This Quick Snack Could Make You a Faster Runner and Reduce Fatigue

by | Mar 21, 2024 | Nutrition

Whether you’re an avid runner or a new arrival on the tarmac, you’re likely looking for a way to improve your PB (or at least the overall experience). While proper running form, adequate sleep and sufficient hydration will help build a strong foundation, the stalwarts and weekend warriors alike are always looking for an extra edge. Turns out a quick snack might be what you need to become a faster runner.

According to a new study published in the journal Physical Activity and Nutrition, cranberries could be your ultimate running wingman. As part of a series of trials involving trained runners, researchers discovered that those snacking on a cranberry supplement for the duration of the 28-day study period were able to achieve improvements in their performance and muscle fatigue during a series of 1.5km trials.

While athletes were able to pick up the speed on longer runs, those same benefits didn’t extend to the 400-metre tests.

Cranberries: Your New Workout Weapon?

Across the pond in the US and Canada, cranberries are consumed frequently—especially around the festive season. However, back home, they’re not as widely available (although you can find them as a dried-out addition in many trail mixes), so you’ll usually have to order a bag of frozen berries online to get your fix. But before you hit “add to cart”, you’re probably wondering why this fruit is helping give athletes the edge.

READ MORE: Can Running Actually Help You Lose Weight?

Cranberries contain a compound known as polyphenols, and stack up far higher levels than the majority of other fruits and veggies. This compound is important because it has been shown to have the ability to combat so-called exercised-induced free radicals.

Free radicals are a normal byproduct of physical exertion, however, an excess of these unstable molecules can hurt your recovery and exercise performance. In short, cranberries may help boost your running efforts thanks to their high polyphenol content.

Try 3 More Smart Diet Tweaks to Speed Up Your Runs

A new PB demands more than just fruit salad; enhance your diet with some of these tips to fire up your engine.

1. Eat More Protein

This macro is essential when it comes to repairing your muscles after a tough slog. However, research suggests that an adequate supply of protein may even help you floor the accelerator on your runs. The research, published in Medicine & Science in Sports & Exercise, analysed a group of 10 male endurance athletes.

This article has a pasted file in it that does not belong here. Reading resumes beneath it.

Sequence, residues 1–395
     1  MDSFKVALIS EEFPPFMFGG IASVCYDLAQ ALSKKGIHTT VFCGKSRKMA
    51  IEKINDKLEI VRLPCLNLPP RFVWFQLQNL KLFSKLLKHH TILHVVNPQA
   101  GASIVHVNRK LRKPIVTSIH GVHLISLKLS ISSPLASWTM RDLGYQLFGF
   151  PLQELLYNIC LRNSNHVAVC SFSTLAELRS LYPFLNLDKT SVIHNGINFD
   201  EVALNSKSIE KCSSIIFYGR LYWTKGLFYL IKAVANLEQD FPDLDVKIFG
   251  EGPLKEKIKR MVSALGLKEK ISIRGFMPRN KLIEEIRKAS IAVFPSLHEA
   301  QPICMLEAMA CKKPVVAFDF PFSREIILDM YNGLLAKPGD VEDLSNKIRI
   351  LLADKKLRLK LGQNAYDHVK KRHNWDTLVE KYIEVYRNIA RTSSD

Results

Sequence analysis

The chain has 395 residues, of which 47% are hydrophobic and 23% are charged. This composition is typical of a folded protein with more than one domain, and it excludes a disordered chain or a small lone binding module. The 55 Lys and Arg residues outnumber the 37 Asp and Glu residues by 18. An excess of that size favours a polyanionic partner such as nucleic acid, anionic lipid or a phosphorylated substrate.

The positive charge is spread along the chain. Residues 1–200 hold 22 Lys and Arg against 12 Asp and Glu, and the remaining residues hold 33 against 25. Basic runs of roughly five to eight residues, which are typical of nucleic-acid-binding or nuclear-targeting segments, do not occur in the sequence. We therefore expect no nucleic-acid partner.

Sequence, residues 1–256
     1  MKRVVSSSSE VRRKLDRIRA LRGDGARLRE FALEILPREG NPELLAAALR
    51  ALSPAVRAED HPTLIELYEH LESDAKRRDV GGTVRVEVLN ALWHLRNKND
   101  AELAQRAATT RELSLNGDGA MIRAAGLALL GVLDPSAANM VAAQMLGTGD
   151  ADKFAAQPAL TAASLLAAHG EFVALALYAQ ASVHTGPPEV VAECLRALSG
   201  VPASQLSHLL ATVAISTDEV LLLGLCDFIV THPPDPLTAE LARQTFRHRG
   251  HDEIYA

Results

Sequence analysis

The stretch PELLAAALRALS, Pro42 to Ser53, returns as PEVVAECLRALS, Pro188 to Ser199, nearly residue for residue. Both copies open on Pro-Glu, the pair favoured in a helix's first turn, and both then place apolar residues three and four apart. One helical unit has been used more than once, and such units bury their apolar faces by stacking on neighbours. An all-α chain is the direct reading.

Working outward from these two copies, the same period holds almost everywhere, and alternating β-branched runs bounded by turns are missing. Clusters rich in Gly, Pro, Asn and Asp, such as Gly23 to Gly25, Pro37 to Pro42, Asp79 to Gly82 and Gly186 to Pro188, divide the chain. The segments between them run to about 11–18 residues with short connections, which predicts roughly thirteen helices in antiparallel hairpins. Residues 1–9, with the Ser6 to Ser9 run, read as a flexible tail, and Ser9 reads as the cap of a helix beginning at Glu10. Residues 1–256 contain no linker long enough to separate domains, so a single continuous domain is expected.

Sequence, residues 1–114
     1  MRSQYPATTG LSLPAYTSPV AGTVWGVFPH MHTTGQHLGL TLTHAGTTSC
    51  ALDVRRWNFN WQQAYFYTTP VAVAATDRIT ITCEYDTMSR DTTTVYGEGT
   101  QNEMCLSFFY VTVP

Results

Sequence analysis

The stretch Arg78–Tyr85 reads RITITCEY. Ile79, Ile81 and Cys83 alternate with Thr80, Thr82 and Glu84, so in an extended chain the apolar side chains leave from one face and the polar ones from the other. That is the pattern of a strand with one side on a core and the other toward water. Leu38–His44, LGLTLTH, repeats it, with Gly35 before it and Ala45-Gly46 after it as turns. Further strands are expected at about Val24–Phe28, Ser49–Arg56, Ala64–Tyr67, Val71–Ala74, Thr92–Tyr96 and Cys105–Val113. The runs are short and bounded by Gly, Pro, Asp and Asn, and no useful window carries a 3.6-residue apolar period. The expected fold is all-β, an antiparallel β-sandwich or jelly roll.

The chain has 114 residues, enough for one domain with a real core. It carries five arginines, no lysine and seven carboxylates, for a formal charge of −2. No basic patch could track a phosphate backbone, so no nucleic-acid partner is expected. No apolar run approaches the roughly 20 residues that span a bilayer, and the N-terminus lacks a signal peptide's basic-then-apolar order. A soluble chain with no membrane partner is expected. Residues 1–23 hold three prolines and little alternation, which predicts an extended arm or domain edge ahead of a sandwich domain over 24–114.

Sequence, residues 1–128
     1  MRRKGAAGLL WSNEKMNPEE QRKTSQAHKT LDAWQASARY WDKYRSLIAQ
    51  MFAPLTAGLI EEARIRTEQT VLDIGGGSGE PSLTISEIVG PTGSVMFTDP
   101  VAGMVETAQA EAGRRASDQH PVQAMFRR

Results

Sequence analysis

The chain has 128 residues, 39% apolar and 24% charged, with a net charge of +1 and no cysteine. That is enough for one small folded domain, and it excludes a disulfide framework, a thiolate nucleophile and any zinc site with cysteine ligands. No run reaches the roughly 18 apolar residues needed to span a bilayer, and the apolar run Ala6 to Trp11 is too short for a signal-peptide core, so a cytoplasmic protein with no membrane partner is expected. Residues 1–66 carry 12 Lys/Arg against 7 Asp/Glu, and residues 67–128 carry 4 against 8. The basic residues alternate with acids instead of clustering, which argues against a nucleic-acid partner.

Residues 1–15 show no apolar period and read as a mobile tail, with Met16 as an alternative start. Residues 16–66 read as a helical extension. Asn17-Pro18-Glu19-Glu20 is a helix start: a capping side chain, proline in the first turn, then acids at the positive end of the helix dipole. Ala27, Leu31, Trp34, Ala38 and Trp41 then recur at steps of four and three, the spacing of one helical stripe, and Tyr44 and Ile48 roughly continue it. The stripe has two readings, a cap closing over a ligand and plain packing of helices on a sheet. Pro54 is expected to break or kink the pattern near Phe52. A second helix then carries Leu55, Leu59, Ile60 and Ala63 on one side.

Participants were divided into two groups: the first feasted on a diet containing a moderate amount of protein while the second refuelled with high-protein meals. The result? Those getting a mega supply of the macro ran around 1.5% faster across a 5K distance than those on a moderate protein diet.

2. Fuel Up On Carbs

No pain? More gains. Yes, the motto has changed, but nixing soreness on your runs can help you push your performance into new territories. And, thankfully, carbs might provide a cure to your tarmac troubles. Research has found that endurance runners who nosh on around 120 grams of carbs an hour during a mountain marathon experienced significantly less muscle damage and physiological stress than runners eating fewer portions of the macro.

READ MORE: Sweat-Proof & Workout-Ready: The 9 Best Earbuds for Running in 2024

3. Drink Up

Even a small degree of dehydration can significantly impact your energy levels, muscle function and motivation. That’s why it’s crucial that you up your H2O consumption (and stay topped up) throughout your runs—especially when tackling longer distances. Make sure you’re sipping on more on warmer days.

Beyond quenching your thirst and regulating your body’s temps, water also plays a role in maintaining moisture levels within your body’s tissues. Staying adequately hydrated will ensure that your eyes, nose and mouth don’t dry out and will do the same for your bones, brain and blood, too. Plus, water can help lubricate and cushion your joints for some easy flexing.

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